Next-Generation Family Education
Successful families strive to increase their human capital—a combination of the collective intellectual, social and financial capital that makes each family unique. Growing human capital, without sacrificing a family’s humanity, is central to our mission.
In order to sustain family wealth and pass through the “Generation 3” hurdle, families have to identify what the next generations must know and experience in order to deal with the complex lives that they will live. Often, families feel challenged to identify methods to prepare next generation family members to lead and to make decisions. In addition, preparing the next generation to responsibly appreciate and appropriately steward their wealth is at the core of our service offering. We work with families to facilitate productive discussions about philanthropy, values and wealth, and develop customized programs to address specific educational issues that demand attention in each unique family setting.
This article by Fran Lotery explores what the present and future enterprising family needs: a modern-day approach from their advisors that is less expert driven and more multi-disciplinary—advisors who can shift their mindset to execute team-based behavior that is both collaborative and cooperative. Read the Article >>
There comes a time in a family business when control has to be passed down to the next generation. But how do you prepare them to lead? Fran Lotery and Dennis Jaffe explore how families can help their offspring in this regard. Read the Article >>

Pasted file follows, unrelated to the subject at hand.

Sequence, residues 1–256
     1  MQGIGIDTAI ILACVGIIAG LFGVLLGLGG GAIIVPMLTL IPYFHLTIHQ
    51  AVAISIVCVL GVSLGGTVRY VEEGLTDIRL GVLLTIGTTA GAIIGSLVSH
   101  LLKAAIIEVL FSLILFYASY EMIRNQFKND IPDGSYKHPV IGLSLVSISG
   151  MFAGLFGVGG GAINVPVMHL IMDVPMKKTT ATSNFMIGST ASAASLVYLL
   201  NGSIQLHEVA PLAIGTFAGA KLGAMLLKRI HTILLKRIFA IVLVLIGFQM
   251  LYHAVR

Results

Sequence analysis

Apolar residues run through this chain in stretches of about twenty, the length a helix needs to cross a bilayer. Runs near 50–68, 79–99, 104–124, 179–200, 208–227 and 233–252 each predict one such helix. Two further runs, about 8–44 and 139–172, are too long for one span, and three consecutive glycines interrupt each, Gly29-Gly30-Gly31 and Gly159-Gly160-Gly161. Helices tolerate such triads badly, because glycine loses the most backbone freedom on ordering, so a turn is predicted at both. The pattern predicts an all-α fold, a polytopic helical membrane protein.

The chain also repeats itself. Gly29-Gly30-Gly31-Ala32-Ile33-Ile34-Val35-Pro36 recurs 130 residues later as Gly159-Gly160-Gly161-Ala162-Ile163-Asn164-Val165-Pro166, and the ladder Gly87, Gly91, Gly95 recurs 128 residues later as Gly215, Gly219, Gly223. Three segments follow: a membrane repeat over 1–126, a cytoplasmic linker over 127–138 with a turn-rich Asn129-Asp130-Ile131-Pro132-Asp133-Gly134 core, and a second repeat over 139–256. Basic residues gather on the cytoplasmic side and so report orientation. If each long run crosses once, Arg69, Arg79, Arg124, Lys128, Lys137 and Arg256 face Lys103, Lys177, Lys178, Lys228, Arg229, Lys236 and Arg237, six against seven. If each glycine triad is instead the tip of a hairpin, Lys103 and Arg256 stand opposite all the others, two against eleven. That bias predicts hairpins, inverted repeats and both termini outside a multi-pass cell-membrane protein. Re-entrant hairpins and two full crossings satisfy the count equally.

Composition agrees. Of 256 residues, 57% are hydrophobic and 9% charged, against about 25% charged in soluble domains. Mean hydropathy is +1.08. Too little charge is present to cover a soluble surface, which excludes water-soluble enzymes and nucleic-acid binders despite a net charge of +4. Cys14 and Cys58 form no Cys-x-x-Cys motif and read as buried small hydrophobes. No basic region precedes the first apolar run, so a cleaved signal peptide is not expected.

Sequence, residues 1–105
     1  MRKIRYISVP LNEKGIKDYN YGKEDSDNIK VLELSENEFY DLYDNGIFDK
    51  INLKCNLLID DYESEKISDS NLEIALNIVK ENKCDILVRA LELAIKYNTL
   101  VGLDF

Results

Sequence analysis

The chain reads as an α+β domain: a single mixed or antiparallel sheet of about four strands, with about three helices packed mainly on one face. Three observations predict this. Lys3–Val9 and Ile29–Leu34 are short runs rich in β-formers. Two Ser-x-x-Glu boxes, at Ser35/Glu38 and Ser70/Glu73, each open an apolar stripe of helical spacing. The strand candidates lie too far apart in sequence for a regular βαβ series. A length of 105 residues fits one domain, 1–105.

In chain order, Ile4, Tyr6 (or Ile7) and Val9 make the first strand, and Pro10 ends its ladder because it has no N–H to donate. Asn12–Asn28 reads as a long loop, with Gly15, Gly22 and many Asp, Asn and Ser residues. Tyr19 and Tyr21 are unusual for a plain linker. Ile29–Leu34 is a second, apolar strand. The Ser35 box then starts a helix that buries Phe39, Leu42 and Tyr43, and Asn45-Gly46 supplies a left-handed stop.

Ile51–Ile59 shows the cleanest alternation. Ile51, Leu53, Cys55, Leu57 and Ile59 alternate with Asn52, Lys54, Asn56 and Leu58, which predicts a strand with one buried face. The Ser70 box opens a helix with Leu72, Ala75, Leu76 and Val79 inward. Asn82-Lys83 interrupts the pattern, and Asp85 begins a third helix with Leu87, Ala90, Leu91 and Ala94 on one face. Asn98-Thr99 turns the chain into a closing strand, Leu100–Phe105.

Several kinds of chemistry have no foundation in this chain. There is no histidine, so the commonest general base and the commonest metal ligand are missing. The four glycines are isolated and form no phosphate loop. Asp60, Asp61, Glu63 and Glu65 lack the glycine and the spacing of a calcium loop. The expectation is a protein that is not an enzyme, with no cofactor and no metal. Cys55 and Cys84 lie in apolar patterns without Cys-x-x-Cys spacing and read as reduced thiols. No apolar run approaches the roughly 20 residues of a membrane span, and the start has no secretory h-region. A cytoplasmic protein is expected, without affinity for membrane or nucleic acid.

In the January 2012 edition of Family Business Magazine, Relative Solutions principal Fran Lotery details critical questions that emerge as family enterprises anticipate a future generational transition, including:
What does the next generation need to be prepared for?
How big is this challenge, and how will it be met?
What is the priority? Is it to develop the human capital of the family or future leaders, or a combination of both?
Two brothers disagreed about the roles their children should play in their 25-year old company. One of the brother’s sons joined the company five years ago and wanted an executive promotion. The other brother thought it was too early to promote him because he showed no signs of executive ability. There were no rules for family participation in the business and no plans for how to include the next generation. Read the Case Study >>
A second-generation family firm was concerned that next generation shareholders and family members understand both the operating and non-operating divisions of the family enterprise. Read the Case Study>>